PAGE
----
Journey’s Trademark Squabble – Who’s Crying Now?
When Journey was inducted into the Rock and Roll Hall of Fame in 2017, Steve Perry was ranked 76th on Rolling Stone’s “100 Greatest Singers of All Time.” Arguably, many Journey fans view the front man and his voice as the core identifier for the band and its most popular and commercially successful music.
After considerable success between 1978 and 1987, Perry left the band and the band took a hiatus until 1995. Perry agreed to reunite with the band under a new manager, and the band enjoyed the success of a new album. However, in 1998, Perry left the band permanently and the face of Journey was After All These Years, changed.
An Agreement between the parties in 1997, the so-called “Elmo Agreement,” set forth the terms of profit sharing. The Agreement was amended in 1998 when Perry left the band, and Neal Schon and Jonathan Cain, longtime guitarist and keyboardist for Journey (respectively), state that Perry still “receives a significant share of profits from the exploitation of the Journey song marks.”
Fast-forward to Fall 2020. Freedom NJ LLC, a company run by Schon and Cain and current members of the band, filed 20 new trademark applications for well-known song titles for merchandise, including such hits as Don’t Stop Believin’, Who’s Crying Now?, Wheel in the Sky, and Any Way You Want It. All of the applications matured to registration in early 2022. Notably, none of the applications were challenged by Perry when published for opposition purposes.
In September 2022, Perry filed a Petition to Cancel each of the 20 trademark registrations, alleging that the applications should not have been filed without his authorization. The 1997 Elmo Agreement states that “any use or exploitation, or grant or license of rights in or to any Group Composition(s), in whole or in part, including, without limitation, the titles thereof in connection with any product or otherwise, without the prior, written, unanimous consent of all of the Partners in each instance.” Perry, as a partner to the Agreement, was apparently not consulted about the applications.
The Elmo Agreement was amended in 1998, addressing Perry’s departure from Journey, but Perry asserts that the amendment did not change the unanimous consent requirements in the Agreement of 1997. Schon and Cain subsequently assigned their interests and rights in the songs subject to the Elmo Agreement in 2019 and 2020, respectively, but Perry has not transferred any of his rights and interests. Thus, Perry asserted that the registrant, Freedom NJ, is not the owner or the user of the trademarks registrations, because Perry never provided his consent to the use or registration of the titles as trademarks for merchandise.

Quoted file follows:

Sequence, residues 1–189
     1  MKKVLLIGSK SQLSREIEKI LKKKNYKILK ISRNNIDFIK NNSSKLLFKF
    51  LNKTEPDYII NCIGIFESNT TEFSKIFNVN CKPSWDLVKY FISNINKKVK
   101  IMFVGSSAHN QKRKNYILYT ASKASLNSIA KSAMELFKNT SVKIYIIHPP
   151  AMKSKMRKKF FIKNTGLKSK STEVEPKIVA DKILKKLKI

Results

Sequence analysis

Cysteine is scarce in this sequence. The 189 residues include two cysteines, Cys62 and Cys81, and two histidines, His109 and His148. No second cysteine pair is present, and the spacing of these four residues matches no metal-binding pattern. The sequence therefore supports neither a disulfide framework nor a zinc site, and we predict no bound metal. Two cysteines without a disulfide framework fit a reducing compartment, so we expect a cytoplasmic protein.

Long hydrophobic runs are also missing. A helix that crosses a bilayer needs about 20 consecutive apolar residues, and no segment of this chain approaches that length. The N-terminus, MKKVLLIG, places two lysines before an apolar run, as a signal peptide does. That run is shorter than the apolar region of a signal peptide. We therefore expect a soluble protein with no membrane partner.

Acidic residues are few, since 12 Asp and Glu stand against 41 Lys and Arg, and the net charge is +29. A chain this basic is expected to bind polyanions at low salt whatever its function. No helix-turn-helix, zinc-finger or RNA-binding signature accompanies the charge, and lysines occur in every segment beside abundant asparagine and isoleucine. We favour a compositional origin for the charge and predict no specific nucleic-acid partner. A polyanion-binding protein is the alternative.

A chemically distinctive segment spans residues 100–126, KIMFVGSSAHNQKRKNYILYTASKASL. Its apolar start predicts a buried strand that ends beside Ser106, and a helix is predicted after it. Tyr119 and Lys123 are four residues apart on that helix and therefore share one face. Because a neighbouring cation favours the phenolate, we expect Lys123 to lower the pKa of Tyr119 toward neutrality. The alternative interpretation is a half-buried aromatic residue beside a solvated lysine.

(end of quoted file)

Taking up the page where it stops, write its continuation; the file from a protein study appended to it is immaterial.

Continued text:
Aside from asserting an ownership issue, Perry also alleged that the applications were fraudulent in making statements that the registrant had exclusive rights to the marks, that the marks were not in use, and that the song titles as trademarks falsely suggest a connection with Perry as the lead singer of the 20 songs.
In response to the Petition to Cancel, Freedom NJ filed its Answer in early December 2022 asserting affirmative defenses, including: (1) the marks have been in use since the 1970s and 1980s with no objection from Perry; (2) Perry has received proceeds resulting from the licensing of the registered trademarks; (3) cancellation of the registrations would lead to prejudice to both Perry and Freedom NJ; (4) Perry uses a company called Pear Co. to manage assets, and both Pear Co. and Perry are signatories of the Elmo Agreement, thus Perry should not be shielded from liability through Pear Co.; and (5) Perry’s substantial income from current Journey tours and albums is in jeopardy as a material breach of the Elmo Agreement through the filing of the Petition to Cancel the registrations. Additionally, Freedom NJ asserted the following defenses: laches (Perry was not diligent in pursuing these claims), acquiescence and waiver (Perry accepted the benefits of the Elmo Agreement), bad faith and unclean hands (Perry accepted the benefits of the Elmo Agreement and breached the agreement by filing the cancellation), and breach of contract (breach of Elmo Agreement terms).
On January 4, 2023, counsel for Perry withdrew the Petition to Cancel the 20 registrations, and because Freedom NJ had already filed its Answer and the withdrawal was without its consent, the Petition for Cancellation was denied with prejudice. This means that Perry cannot challenge these registrations in the future.
Why did the Petition seem to take the midnight train going anywhere but the finish line at the Trademark Trial and Appeal Board? At its crux, this TTAB filing did not ever seem to be about trademarks. Rather, it was about the terms of the Elmo Agreement between the parties. Perry appears to have gained nothing but expenses by filing the Petition to Cancel the 20 registrations, all while continuing to receive financial benefit from the licenses tied to the trademarks in the interim.
Did Freedom NJ welcome this outcome with Open Arms? Schon posted on Twitter a screenshot of the filing and said “So much for [Cain] trying to throw me under the bus as he claimed I was blatantly trying to rip off [Perry] while collecting the checks for the very diligent work my wife and I did to protect our merch.” Cain separately filed a lawsuit in November 2022 against Schon in California for “running up enormous personal charges on the band’s credit card account.” Perhaps Schon and Cain are also going Separate Ways. If the band members, both present and past, cannot Faithfully follow the terms of their Agreements, they surely cannot have it Any Way [They] Want it.
As the Wheel in the Sky keeps on turning, we will provide updates on further developments.